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Warping of the rotors isn't even the real problem. The pads transfer material to the rotor and it changes the surface from super smooth to wavy if there is a build up of material that is higher in some places than others.

https://alconkits.com/support/brake-pad-info/110-the-real-truth-about-warped-brake-rotors

It's probably not a manufacturing issue, but rather the way the cars are driven when they are being prepped for delivery. If the brakes get hot then sit pressed to the rotors in place for a bit, pad material starts to build up. If there's build up right off the bat, it just gets worse and worse with time. You might not notice it at delivery, but once that buildup is enough to be measured it's going to be something you feel quite strongly.
I suspect it is how the cars are driven even after delivery. Explaining how some people need their rotors replaced 3 times and many others not at all.
 

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Discussion Starter · #11 ·
I suspect it is how the cars are driven even after delivery. Explaining how some people need their rotors replaced 3 times and many others not at all.
But its not happening on something like a Lexus or an Infinity regardless of driving habits ....
 

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I suspect it is how the cars are driven even after delivery. Explaining how some people need their rotors replaced 3 times and many others not at all.
But its not happening on something like a Lexus or an Infinity regardless of driving habits ....
So you are claiming that no Lexus or Infiniti has experienced pulsating brakes? What is your source for this?
 

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Well I can only speak from personal experience. I drive very defensively and don't bother with dynamic mode. My rotors were just replaced, though I had to fight them to get it done at only 20k miles (pretty sure they were warped well before that).

I suspect mine may have warped driving down from a mountain. Nothing crazy mind you, and I was going slow, but that's the only time I can recall putting any heat into them for an extended period (though really it was only 10 miles or so). When I got to the bottom I stopped for a hike and I could smell my brakes. If that was the cause of the warp, I think there is a real issue. I should have no problem taking my SUV up and down a slight mountain road.

Another possible cause could be the adaptive cruise control. I swear it brakes harder than I ever would trying to keep it's distance.
 

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Discussion Starter · #14 ·
So you are claiming that no Lexus or Infiniti has experienced pulsating brakes? What is your source for this?
no no no that's not what I am saying and i am not claiming anything .... what I am saying is that there seems to be a pattern of brake rotors warping at early stages (low miles) that other luxury cars don't experience. I have never seen so many complaints about the same thing on any forum. There are cars like the BMW that have a similar complaint but that's for one or two model years , NOT all across their whole brand.
You can find this issue popping up on the XC60, XC90 and so on on this forum.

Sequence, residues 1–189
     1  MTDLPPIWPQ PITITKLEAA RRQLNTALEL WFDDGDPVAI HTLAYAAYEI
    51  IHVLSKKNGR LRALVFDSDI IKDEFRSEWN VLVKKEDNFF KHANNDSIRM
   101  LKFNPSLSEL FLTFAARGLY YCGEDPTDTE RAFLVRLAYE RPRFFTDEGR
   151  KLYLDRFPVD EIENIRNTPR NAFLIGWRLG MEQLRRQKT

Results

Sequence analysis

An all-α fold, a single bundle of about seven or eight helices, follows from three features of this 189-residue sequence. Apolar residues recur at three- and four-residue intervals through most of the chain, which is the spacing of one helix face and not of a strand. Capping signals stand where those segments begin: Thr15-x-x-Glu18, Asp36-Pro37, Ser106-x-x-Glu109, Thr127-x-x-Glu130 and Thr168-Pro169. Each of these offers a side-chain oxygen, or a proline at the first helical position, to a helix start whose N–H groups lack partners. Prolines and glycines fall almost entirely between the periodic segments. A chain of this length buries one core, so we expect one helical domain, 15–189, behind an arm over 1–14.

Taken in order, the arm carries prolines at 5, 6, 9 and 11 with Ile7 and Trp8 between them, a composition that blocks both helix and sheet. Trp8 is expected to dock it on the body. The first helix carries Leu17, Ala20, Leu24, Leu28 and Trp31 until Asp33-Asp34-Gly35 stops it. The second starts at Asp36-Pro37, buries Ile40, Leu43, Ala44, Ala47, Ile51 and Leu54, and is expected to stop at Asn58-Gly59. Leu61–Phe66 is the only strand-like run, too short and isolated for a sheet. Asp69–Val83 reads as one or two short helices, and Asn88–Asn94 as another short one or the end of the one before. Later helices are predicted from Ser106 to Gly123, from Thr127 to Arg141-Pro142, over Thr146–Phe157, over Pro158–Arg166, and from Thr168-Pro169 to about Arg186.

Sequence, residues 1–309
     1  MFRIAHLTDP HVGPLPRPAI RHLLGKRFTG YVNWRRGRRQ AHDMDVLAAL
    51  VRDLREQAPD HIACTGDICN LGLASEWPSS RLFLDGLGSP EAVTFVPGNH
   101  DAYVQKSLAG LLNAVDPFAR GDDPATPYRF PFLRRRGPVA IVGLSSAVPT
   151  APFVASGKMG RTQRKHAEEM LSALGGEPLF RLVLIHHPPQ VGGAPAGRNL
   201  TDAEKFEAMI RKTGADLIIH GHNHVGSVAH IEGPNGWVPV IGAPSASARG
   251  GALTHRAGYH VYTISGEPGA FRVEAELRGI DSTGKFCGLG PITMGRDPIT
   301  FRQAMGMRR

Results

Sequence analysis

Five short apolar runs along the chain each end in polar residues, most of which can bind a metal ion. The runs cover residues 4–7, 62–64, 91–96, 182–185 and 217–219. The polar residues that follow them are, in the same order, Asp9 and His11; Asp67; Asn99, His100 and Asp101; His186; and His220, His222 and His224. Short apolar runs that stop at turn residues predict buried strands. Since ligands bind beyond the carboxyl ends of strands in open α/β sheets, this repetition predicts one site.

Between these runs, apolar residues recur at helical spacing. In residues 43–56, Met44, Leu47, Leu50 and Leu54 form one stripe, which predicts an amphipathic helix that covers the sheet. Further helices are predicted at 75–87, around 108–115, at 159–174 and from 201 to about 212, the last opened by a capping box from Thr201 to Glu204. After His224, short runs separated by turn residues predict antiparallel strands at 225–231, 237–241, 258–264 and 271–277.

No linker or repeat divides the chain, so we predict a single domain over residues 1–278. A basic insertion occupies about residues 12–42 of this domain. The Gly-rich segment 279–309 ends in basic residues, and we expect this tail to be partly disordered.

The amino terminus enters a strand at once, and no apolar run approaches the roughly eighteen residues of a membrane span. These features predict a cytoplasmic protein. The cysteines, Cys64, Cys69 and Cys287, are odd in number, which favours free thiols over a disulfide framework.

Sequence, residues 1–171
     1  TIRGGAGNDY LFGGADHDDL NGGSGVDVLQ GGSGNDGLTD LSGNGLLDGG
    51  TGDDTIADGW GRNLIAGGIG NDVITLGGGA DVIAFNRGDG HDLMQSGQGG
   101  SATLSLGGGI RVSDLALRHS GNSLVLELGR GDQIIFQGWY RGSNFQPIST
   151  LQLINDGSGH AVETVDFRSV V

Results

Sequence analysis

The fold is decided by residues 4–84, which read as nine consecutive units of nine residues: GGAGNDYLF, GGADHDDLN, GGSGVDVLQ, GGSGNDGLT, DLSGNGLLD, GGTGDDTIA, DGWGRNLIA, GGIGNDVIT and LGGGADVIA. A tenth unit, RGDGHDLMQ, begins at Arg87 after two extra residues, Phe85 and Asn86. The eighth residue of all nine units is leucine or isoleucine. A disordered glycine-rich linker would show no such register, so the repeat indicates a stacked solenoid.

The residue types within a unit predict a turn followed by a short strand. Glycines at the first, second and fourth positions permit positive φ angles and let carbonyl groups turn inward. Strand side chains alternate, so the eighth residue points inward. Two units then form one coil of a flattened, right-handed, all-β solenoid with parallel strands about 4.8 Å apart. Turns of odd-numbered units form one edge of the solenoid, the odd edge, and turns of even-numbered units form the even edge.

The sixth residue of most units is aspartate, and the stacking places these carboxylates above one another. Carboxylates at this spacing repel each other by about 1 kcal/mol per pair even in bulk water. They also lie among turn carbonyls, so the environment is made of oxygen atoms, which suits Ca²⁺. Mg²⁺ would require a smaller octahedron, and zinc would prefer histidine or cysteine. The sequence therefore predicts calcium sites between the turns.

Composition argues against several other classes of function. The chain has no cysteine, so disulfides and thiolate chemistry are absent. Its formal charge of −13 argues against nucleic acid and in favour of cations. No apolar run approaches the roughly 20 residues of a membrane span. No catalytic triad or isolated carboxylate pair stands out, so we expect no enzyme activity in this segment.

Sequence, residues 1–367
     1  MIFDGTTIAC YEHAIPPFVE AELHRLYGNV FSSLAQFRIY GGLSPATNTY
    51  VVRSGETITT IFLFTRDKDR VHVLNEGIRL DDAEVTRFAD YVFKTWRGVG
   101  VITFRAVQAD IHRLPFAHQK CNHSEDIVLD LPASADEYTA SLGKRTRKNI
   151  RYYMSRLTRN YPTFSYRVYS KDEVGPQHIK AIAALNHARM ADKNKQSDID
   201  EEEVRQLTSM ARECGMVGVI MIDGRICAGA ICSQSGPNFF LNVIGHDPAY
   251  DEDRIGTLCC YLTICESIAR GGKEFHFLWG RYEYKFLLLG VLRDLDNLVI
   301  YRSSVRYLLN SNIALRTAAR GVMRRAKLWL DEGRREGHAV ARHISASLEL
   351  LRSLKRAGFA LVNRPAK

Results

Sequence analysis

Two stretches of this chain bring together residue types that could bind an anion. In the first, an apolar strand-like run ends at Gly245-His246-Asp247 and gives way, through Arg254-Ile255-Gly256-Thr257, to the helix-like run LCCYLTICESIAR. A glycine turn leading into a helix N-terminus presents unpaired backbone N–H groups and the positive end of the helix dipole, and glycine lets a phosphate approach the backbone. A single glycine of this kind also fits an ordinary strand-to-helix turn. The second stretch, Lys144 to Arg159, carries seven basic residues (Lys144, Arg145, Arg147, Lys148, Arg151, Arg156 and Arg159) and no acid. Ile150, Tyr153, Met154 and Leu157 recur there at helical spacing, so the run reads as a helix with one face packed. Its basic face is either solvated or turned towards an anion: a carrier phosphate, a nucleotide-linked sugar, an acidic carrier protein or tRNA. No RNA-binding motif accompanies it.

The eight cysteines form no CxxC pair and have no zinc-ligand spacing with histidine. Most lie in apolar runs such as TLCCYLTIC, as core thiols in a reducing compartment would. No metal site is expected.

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I suspect it is how the cars are driven even after delivery. Explaining how some people need their rotors replaced 3 times and many others not at all.
I agree.
We have 20K on our 2018 V90CC and still have lots of pad and no problem with rotors.
Look at the drivers. I would guess a lot of people don't realize how they "really" drive.
 

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So you are claiming that no Lexus or Infiniti has experienced pulsating brakes? What is your source for this?
no no no that's not what I am saying and i am not claiming anything .... what I am saying is that there seems to be a pattern of brake rotors warping at early stages (low miles) that other luxury cars don't experience. I have never seen so many complaints about the same thing on any forum. There are cars like the BMW that have a similar complaint but that's for one or two model years , NOT all across their whole brand.
You can find this issue popping up on the XC60, XC90 and so on on this forum.
Because a lot of these cars share the same parts.
 

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Had my 32,000km service yesterday; mentioned pulsating brake sensation and, sure enough, warping issue to be covered by warranty. Service guy said that this is a present issue, unless I'm drag racing my xc-40, lol. I am very mindful of how I drive/brake. Hope this isn't the case again at my 64,000km service.
 

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One doesn’t need to be a rocket scientist to know that very hot metal warps itself after being quenched quickly by cold water (ie; puddle in a rain storm). That’s why a new pair of rotors can develop unevenness and warpage after recently being purchased. It used to happen all the time with my Audi. I used just live with it. It eventually corrects itself after continued usage by wearing it down.
 

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Discussion Starter · #20 ·
One doesn’t need to be a rocket scientist to know that very hot metal warps itself after being quenched quickly by cold water (ie; puddle in a rain storm). That’s why a new pair of rotors can develop unevenness and warpage after recently being purchased. It used to happen all the time with my Audi. I used just live with it. It eventually corrects itself after continued usage by wearing it down.
With your analogy driving in the winter would be impossible.

When the service dept notifies the customer that the rotors need to be replaced due to warping, there is a little more involved than the expansion and contraction of metallic material due to thermal variants.